A renewed picture of vigour, the all-new XC40 is a confident march from Volvo Cars to a totally unfamiliar segment; and it has all the makings of a winner!

Every market segment has a defining product. It is the product that becomes the byword for the segment; the product that all other new competitors benchmark themselves against to surpass. This car is the next 3 Series challenger; that is the new CR-V killer; and here comes another car to beat the Honda Civic.

Coming back to topic, after nearly two decades of struggling with sub-par products other than perhaps the XC90 and XC60, Volvo is now lining up with perhaps some of the most attractive models of the company’s history since the legendary P1800. The new generation SPA-platform-based Volvos have been universally praised to be beautiful, well-built, great to drive, yet still well-rooted to the company’s heart and soul – safety.

Whilst it still can be argued that the Germans remain mainstream options in the premium segments, the new-look Volvo is slowly muscling its way into our collective consciousness bearing a set of products that are as competitive as they are aspirational. In short, you no longer need to justify your decision of buying a Volvo instead of a Mercedes-Benz to your families, colleagues, or business partners.

It is a status that, once achieved, cements your place at the top of the pile, for your competitors’ efforts are forever defined not purely by their own merits, but rather how they rank relative to yours. It’s a self-perpetuating cycle, one that leaves the chasing pack forever reacting, often imitating, and not quite innovating with their own ideas.

And the driving force behind Volvo’s current wave of revitalization comes not from a conservative approach, but instead the courage to go on the offensive and the resolve to hold true to one’s core values. There is also the refusal to be defined by the successes of others, but the self-belief to forge an own path that better aligns with the company’s values and expertise.

The all-new XC40 is the latest expression of Volvo’s new-found self-belief, a product possible only in the company’s current circumstance. Far from being a conventional product, the XC40 jars you at first impression. Its lines are not immediately harmonious, odd-looking even from certain angles, but boring it is not. It carries just enough styling cues from the other models to establish a family look, but it is evident that the designers were given greater freedom to experiment with the XC40’s styling. Even the colour palette offers brighter choices. It is all very obvious that the expectation of this car is to lower the average buyers’ age for the brand.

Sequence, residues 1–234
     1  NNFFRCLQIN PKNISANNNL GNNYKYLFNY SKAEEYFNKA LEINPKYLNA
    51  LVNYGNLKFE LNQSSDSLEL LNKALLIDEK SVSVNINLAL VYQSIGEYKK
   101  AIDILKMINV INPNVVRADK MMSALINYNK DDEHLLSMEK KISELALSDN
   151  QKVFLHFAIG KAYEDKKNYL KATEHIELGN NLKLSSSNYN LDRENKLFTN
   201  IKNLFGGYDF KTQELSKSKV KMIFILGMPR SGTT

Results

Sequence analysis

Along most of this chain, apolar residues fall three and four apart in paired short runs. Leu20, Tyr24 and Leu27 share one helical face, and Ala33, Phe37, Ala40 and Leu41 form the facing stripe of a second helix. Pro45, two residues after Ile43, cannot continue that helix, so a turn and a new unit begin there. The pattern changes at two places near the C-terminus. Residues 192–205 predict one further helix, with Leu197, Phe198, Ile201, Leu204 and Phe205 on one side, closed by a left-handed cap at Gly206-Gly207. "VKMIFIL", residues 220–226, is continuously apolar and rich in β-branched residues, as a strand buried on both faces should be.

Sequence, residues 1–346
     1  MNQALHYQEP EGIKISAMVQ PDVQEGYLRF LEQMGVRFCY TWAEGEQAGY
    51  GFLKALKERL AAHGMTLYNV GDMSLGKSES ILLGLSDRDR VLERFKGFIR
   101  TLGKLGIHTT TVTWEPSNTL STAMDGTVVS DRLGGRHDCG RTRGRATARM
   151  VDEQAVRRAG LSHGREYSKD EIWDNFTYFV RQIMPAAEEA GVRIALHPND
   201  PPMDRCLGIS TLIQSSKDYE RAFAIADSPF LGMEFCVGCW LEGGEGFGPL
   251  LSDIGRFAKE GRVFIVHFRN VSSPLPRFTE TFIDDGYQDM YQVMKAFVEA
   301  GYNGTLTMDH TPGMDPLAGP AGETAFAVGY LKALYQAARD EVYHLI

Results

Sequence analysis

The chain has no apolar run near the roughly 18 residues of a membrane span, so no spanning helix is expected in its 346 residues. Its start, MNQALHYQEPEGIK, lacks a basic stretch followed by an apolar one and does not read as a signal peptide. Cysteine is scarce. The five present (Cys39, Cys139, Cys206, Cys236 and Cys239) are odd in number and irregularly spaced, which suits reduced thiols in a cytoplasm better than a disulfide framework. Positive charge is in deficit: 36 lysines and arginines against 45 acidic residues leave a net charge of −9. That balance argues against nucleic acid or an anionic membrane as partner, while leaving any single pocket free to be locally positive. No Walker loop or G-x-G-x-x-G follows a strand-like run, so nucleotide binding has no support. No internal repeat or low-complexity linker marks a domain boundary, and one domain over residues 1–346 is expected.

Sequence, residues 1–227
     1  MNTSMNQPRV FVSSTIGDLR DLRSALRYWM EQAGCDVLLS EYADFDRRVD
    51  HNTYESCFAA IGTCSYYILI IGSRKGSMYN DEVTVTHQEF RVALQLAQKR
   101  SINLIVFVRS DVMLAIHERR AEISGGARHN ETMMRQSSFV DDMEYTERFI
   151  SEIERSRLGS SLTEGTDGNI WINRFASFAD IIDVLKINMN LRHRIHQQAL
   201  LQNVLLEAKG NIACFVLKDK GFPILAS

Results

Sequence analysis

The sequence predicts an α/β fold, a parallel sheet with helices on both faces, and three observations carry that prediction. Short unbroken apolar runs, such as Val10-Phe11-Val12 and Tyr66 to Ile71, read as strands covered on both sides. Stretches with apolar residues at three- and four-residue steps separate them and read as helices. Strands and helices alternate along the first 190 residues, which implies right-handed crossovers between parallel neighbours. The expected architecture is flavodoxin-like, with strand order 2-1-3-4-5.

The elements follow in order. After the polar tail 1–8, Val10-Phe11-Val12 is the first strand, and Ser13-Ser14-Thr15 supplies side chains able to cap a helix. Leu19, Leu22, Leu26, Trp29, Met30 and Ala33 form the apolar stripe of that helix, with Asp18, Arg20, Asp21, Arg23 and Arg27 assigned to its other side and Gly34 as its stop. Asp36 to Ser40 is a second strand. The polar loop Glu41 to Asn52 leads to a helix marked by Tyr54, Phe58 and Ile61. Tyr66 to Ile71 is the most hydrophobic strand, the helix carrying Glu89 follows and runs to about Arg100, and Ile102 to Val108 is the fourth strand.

Words: Kon, Pictures: TJ, Kon & Kevin

A few years ago, I recall reading an article on Autocar UK, though I can’t seem to find the story anymore; an interview with a Volvo bigwig where the said executive expressed something to the effect that the present Geely-owned Volvo has no interest in challenging the giants of Mercedes-Benz and BMW, but are instead confident enough to forge ahead on their own strengths, bringing their own ideas of luxury to the market.

That was very refreshing thinking, I thought, and one that the market sorely lacked. Indeed, the premium market does not want another German brand wannabe, it needs an alternative flavour with its own distinctive identity; and it is a role that Volvo, over the past three years, have stepped up to fill admirably.

It’s been eight years since Volvo Cars changed hands from Ford to Geely, enough time to raise a kid to schoolgoing age, but it is really over the last three that we’re seeing the manifestation of the Chinese firm’s revitalization of the Swedish company. So, those of you keeping close tabs on Proton’s progress, it will be a while before any meaningful transformation effects will be visible to the consumer, but we are digressing.

But whilst the aesthetics and lifestyle considerations have gained increased importance, Volvo has not abandoned its core tenet of safety. As standard, the XC40’s safety equipment, be it active, passive, or autonomous, not only outstrips all its segment rivals, it embarrasses a few from segments above.

Having managed to tick as many boxes as it has come thus far, we might be inclined to forgive the XC40 even if Volvo were to miss the mark a little in its driving dynamics. Except it didn’t. The XC40, with 254hp on tap, outguns both the BMW X1 and Mercedes GLA on a straight line, whilst also possessing a sufficiently capable chassis to maintain the gap on winding roads.

Inside, the cabin follows a design that is at a glance broadly familiar to other Volvo models, but infused with unique touches that appeal specifically to younger generation buyers. To eliminate clutter was the mission statement of the cabin, so careful consideration was given to free up as much space as possible for small item storage, even to the point of relocating the speakers so that the full length of the front door can be used as a bin.

There are also various hooks to be discovered throughout the car, from the edge of the glovebox right to the luggage compartment. Wherever you’re seated, there’s a spot within easy reach to hang your groceries or your kopi tarik ikat tepi.

That Volvo managed such a capable and competent product at its first time of asking in an already competitive segment is an extremely amazing feat. The XC40 is stylish on the outside, well thought-out inside, safe as ever before, and at the same time brilliant to drive. If that’s not a segment-leading product, we don’t know what is; and its creation is possible only because Volvo looked not at what the others were doing, but simply pushed itself to deliver the best vehicle it can engineer, and has done so with great aplomb.